Infant Depression

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The evolution of the concept of depression in infancy (0-3 years) is relatively new and follows a path similar to the history of depression in adolescence, then in childhood, and in preschool years. Doctors predict that 1 in every 40 infants is suffering from depression. Depression is the most frequent psychiatric disorder and has long-term, compromising effects on the mother-infant relationship and the child’s development. The infant continuously faces a climate of negative affect that disrupts the interactive experience of the infant and the mother.

Today, doctors struggle with identifying the signs of infant depression and treatment. In infants and toddlers, signs of depression include lack of interaction with others, staring or averted gaze, lack of responsiveness, lack of interest in their environment, what might be called “sad” facial expressions, expressing little emotion, slow movement, feeding problems, sleeping problems, irritability, and attachment difficulties with parents or care givers.

However, not every depressed baby will display these symptoms, and rarely will all the symptoms be present. In addition, these symptoms could also point to other physical problems your pediatrician should explore. Doctors say, if the symptoms remain for at least three months, and no physical reason for them can be found, depression might be suspected. At that point, psychological testing may be obtained. The area of depression in infancy is relatively new territory, and not all pediatricians recognize it.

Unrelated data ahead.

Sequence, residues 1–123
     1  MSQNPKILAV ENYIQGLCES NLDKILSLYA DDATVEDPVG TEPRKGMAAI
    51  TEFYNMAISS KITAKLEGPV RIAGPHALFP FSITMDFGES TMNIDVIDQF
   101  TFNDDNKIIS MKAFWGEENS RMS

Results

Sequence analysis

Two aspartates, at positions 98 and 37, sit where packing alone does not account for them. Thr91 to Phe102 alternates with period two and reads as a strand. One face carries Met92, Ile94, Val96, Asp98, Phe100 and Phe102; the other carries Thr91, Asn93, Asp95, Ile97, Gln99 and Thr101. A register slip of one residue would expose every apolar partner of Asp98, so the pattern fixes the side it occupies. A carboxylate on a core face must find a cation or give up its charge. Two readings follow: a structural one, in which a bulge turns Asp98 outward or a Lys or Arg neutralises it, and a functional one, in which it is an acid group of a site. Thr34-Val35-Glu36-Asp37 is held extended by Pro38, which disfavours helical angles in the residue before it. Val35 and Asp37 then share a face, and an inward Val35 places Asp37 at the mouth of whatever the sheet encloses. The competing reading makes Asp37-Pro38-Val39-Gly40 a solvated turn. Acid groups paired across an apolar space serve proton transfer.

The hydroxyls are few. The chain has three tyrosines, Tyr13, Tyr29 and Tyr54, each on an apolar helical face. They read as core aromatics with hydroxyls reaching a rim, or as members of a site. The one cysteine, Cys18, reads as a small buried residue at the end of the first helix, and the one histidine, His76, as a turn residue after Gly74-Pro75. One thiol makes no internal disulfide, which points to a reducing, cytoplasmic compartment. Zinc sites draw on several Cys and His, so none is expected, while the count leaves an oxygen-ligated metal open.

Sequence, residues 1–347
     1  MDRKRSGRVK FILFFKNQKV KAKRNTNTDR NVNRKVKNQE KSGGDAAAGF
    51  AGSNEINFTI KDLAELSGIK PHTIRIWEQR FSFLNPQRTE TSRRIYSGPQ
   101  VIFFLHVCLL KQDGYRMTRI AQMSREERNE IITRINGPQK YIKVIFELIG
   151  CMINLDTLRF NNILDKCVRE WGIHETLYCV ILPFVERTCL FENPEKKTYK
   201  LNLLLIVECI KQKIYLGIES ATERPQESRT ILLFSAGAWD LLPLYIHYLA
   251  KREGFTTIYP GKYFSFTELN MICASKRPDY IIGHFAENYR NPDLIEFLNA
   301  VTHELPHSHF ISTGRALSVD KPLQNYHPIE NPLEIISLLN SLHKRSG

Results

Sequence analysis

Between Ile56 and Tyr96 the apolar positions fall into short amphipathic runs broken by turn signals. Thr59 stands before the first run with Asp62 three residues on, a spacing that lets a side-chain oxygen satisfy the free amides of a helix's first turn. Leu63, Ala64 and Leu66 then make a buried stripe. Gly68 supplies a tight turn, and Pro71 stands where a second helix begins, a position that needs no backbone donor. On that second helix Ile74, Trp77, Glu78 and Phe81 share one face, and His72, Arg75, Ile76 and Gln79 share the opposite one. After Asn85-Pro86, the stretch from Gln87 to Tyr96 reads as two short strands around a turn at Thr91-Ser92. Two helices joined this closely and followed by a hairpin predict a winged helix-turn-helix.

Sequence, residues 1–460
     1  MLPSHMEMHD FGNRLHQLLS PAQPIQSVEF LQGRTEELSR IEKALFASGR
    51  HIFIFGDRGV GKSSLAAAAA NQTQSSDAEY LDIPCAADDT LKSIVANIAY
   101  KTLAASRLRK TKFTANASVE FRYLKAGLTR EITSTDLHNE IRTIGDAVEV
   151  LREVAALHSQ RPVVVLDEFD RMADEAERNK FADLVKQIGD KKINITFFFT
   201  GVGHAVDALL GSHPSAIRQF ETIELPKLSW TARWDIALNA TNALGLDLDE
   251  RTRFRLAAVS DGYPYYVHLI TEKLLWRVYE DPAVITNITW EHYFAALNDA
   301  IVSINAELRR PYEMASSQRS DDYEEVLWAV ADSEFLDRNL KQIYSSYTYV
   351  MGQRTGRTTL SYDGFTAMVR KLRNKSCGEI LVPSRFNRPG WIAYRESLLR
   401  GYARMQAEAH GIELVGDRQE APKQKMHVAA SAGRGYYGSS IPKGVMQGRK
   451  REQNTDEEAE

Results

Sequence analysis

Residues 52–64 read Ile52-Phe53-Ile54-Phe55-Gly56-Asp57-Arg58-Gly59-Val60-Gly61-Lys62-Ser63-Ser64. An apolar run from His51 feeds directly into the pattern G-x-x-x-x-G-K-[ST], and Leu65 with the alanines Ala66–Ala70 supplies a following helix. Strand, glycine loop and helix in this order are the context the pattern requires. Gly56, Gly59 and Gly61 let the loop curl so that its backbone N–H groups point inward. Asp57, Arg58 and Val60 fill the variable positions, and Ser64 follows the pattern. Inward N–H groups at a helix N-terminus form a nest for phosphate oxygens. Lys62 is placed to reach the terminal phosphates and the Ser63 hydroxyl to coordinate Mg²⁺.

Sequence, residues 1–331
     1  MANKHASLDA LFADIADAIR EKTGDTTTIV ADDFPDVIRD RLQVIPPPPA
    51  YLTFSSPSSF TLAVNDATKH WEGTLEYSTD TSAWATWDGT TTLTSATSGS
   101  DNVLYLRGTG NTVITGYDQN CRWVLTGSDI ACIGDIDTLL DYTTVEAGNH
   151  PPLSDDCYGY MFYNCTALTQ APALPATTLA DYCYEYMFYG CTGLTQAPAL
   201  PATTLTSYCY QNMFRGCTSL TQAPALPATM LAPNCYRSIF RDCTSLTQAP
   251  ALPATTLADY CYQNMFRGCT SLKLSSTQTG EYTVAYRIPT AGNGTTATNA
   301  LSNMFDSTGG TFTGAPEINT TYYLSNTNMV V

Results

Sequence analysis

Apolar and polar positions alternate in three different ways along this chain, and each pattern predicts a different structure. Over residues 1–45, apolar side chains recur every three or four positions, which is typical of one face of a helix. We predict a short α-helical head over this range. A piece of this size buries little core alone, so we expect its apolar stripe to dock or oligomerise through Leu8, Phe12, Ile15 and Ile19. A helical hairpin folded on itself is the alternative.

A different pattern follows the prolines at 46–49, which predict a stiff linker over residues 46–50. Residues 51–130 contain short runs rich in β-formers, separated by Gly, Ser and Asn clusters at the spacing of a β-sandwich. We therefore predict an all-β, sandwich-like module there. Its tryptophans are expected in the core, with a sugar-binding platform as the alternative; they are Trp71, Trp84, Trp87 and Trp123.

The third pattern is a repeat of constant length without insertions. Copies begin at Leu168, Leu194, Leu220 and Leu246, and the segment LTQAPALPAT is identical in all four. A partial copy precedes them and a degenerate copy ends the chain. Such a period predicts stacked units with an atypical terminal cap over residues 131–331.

However, some experts on depression, including author and counselor Beth McHugh, say “it can be beneficial for both mother and infant to spend time apart for a part of each week, so that both may benefit from interacting with others. In the case of the seemingly depressed infant, this approach could be crucial to their subsequent social and emotional development. ” This is especially true if the mother is also depressed.

In addition to giving the child “space,” a counselor will try to pinpoint any non-chemical reasons your baby is depressed and try to resolve them. For example, if the mother is depressed, the counselor will encourage her to seek out treatment, or if there is unusual tension in the household, the counselor will try to help the family resolve it. In conclusion, although infant depression has been acknowledged not too long ago doctors have been able to identify its symptoms pretty easily.

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